Just curious :) You are a wonderful writer and I look forward to reading your Vietnam account as well.

    Thank you.

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  2. Penny - Thanks for the nice words.
    When it was all said and done, I don't think Valdez had any positive impact on me at all. Usually the target of abuse in USMC bootcamp is a slackard, a goof off, or someone who wasn't
    "squared away." I was none of those things...I was in great shape when I got there, I was already very self disciplined.
    He was just crazy... But, it did make me stronger....so maybe a little bit, it helped me.
    thanks again!

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  3. Yep these stories of yours from your childhood on should be revamped and compiled into a book. You certainly have enough material. I wouldn't do so much to make money (though that would be nice) but rather to make your mark. A type of immortality if you will. A way of saying "I was Here".

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  4. Warren - I would like to do that, but I don't know if I could pull it off. Once I get most of it out of my head and out of my notes, maybe I will. I'll need a pro to help me though. Thanks for reading and commenting on all this Warren!

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  5. It had to feel a little good to turn and walk away from Valdez on graduation day.

    I read the comments above, your writings would make a great book.

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  6. SQ - It felt great. At that point I was wishing he'd still try to pick a fight with me. Thanks!

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  7. Pat, I read every word. This writing is so good I can visualize it all. I read alot. In my humble opinion, you could make this life story into a book easily. Of course, it would be as tough going as boot camp seems to have been, but probably safer. How people made it thru that torture without killing the DIs or themselves is beyond me. Great job! Rosemary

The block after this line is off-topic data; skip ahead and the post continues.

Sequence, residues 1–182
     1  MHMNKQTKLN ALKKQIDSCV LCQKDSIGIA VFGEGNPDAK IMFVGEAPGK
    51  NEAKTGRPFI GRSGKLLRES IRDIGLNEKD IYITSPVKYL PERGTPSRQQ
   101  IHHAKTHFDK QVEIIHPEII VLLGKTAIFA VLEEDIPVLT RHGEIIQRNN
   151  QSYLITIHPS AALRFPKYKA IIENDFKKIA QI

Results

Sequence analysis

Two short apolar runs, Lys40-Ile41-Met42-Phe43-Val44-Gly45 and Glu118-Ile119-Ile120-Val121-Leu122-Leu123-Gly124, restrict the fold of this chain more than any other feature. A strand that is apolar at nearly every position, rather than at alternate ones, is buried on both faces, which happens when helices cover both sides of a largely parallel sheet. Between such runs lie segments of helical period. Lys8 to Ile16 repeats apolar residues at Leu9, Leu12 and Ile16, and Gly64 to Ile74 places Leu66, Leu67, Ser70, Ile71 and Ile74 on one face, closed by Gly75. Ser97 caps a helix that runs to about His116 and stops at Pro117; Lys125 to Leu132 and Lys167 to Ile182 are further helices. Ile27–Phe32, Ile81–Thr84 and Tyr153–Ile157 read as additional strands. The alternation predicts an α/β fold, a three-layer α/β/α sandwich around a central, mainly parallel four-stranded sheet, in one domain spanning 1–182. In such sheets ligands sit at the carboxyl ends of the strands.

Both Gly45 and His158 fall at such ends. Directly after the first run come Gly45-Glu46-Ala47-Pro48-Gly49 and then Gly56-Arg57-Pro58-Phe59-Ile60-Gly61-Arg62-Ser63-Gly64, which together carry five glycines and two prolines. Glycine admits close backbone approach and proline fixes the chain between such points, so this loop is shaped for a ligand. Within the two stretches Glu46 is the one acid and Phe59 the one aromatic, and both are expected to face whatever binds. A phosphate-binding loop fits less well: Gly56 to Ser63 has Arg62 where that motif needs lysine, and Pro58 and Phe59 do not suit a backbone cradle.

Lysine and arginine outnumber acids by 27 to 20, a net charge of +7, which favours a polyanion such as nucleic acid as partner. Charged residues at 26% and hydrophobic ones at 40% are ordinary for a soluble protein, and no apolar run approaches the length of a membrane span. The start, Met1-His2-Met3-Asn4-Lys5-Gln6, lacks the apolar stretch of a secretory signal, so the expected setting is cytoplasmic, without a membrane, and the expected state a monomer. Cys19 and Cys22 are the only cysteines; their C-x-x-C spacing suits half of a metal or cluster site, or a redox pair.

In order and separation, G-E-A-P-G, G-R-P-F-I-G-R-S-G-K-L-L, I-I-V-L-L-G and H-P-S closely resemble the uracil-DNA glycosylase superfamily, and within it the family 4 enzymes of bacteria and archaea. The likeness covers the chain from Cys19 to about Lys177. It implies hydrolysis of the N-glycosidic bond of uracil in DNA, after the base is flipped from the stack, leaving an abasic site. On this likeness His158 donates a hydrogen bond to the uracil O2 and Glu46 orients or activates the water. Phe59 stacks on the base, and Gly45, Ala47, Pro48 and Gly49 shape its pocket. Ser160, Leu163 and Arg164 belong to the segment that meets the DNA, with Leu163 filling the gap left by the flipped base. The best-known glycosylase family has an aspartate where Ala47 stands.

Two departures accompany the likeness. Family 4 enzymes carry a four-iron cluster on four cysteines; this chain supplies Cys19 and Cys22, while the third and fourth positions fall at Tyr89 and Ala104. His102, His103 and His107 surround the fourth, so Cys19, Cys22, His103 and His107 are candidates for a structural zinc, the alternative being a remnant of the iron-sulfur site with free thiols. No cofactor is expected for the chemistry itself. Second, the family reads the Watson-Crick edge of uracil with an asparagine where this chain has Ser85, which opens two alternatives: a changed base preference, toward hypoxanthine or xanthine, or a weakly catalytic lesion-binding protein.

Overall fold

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  8. Rosemary - Thanks so much for reading and commenting. When people sign up for marine corps bootcamp, many of them are giving themselves a challange. Some make it and some don't. It's a life changing thing. Almost every challange in life isn't as hard if you've already been through it...
    If you like these, you might really like the next series on Vietnam (very little blood and gore). It' up top under the "Vietnam" tab. Thanks again!

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  9. Mr. Tillett - Thanks for posting your blog and it makes for very interesting reading. I too was a recruit at Diego in May 1969 (Platoon 1093) and took my fair share of abuse as well and I remember seeing some ganging up by the DI's occasionally but nothing like you mention in your blog. Still I hated everyone of my Drill Instructors but later felt that if I could endure what they dished out, I could endure anything. Like you I hardened up determined not to let them win. It was a defense mechanism we all learned to survive I guess.

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  10. GL Hunter - Thanks for positive comment and nice words. I appreciate it. I was amazed that some guys were so unprepared (both physically and mentally) when they got to boot camp.